4 Common Relapse Triggers and Ways to Avoid Them

Being in recovery from a drug or alcohol addiction comes with many challenges. Dealing with relapse triggers is one of them. Relapse triggers are emotional or physical cues that cause the person to want to drink or use a substance. They are a normal part of addiction recovery. Being aware that triggers will arise and having a plan to effectively cope with them is the best way to safeguard your sobriety.

Below are four common relapse triggers and ways to avoid them. Keep in mind that relapse triggers may differ from one person to another. 


Stress is one of the main causes of addiction relapse. During stressful situations, people in recovery experience a stronger desire for their substance of choice, especially if they took drugs or alcohol as a coping mechanism before becoming sober.

Although it is impossible for a person to eliminate all of the stress in their life, it is possible to avoid people and situations that cause feelings of excessive stress. Think about the stress you are experiencing. Write a list of all of the places, people, or things causing you extreme stress. For example, are you in a toxic relationship, unhappy at work, or having a financial situation? Once you identify the cause of your excessive stress, you need to make any changes in your relationships, priorities, or lifestyle that will reduce the stress you are feeling. 

It is also critical to learn healthy ways to reduce and manage stress successfully, including:

  • Taking good care of yourself by getting enough sleep and eating a healthy diet
  • Practicing mindfulness
  • Exercising regularly
  • Practicing deep breathing, relaxation techniques, or meditation
  • Learning to effectively manage your time

Negative or Challenging Emotions

Negative or challenging emotions are often experienced along with stress. Many people in recovery took drugs or drank alcohol to find temporary relief from their negative emotions, such as anger, depression, or anxiety. Being sober means finding healthy ways of managing your feelings. Think of challenging emotions as a chance for understanding and growth instead of a setback in recovery. Ask yourself what you are feeling and why. Just acknowledging what you’re feeling without judging it will help you get more comfortable with your emotions.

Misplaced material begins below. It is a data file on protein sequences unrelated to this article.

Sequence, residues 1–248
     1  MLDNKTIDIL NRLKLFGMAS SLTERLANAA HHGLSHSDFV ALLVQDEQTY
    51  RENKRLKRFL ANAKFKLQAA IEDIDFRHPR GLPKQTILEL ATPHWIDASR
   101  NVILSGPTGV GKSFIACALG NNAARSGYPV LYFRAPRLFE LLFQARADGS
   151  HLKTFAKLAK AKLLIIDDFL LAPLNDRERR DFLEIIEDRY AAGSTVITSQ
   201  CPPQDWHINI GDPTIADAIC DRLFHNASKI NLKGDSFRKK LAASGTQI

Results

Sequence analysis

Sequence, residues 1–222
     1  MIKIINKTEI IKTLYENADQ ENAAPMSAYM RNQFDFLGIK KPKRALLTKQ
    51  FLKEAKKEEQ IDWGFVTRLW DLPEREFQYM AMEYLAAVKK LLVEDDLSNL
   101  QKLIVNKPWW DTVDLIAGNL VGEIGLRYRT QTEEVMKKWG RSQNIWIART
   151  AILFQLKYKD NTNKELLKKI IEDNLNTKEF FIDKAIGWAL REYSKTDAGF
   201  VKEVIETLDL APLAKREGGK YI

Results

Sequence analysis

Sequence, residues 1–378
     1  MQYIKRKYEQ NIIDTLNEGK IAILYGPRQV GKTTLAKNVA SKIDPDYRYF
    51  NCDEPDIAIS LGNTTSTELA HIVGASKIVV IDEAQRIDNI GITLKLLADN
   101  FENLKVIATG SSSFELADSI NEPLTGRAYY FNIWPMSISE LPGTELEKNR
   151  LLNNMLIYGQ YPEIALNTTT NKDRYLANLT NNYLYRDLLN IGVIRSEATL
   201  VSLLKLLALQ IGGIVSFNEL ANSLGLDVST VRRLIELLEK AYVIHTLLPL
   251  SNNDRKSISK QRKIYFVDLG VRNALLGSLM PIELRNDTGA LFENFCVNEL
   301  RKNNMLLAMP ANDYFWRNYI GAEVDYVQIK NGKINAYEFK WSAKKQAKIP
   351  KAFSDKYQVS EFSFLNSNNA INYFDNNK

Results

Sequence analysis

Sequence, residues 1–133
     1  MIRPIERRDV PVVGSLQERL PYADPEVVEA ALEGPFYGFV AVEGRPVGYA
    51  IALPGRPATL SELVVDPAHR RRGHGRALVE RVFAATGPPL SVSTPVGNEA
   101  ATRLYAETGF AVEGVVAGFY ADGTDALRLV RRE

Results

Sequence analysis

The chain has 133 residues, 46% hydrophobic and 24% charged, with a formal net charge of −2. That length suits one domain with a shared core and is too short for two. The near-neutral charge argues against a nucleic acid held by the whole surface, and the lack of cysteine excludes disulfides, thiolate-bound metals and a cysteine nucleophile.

When you feel negative, find a healthy way to process it. Express your feelings by writing in your journal, painting a picture, meditating, or praying. Do something you enjoy, such as going for a walk, exercising, reading a book, or relaxing in a warm bath.

People, Places, and Situations Connected to Your Addictive Behavior

For many people in recovery, relapse triggers are connected to people, places, or things that remind them of drinking alcohol or using drugs. Friends that were your drinking or drugging buddies may be a trigger even if they are not drinking or using. A restaurant where you used to go after work to drink may be a trigger. Passing your favorite bar on your drive home from work can be a trigger. 

Avoiding being around substances, especially alcohol, is not always easy, so have a plan in place for times when unavoidable triggers arise. For example, take a different route home from work to avoid passing your favorite bar. Know what you will do if you find yourself in a triggering situation. Will you call a sober friend? Will you make an excuse to leave early? Be prepared. 

Being Overconfident in Recovery

Addiction recovery is an ongoing, lifelong journey. Feeling like you are cured and no longer need to worry about triggers is a relapse trigger in itself. It’s understandable to want to put addiction behind you once and for all. But this can lead to a decision to stop doing things that support sobriety: going to 12-Step meetings, seeing a therapist, practicing self-care, etc. Remember that relapse can occur at any stage of recovery. It can happen whether you have 15 weeks, 15 months, or 15 years of sobriety.

It is essential to have a strong sense of self-confidence in recovery. However, it is necessary to not cross the line into complacency and overconfidence. You may put yourself in a risky situation and feel you are strong enough to stop after having just one drink or using a drug one time. 

Are You Struggling with Drugs or Alcohol?

Drug and alcohol addiction can affect anyone. If you or someone you care about is struggling with addiction, it is time to get the help you need. At English Mountain Recovery in the Smoky Mountains of Tennessee, skilled professionals will guide you through your recovery. Now is the right time to take the first step. Call us today.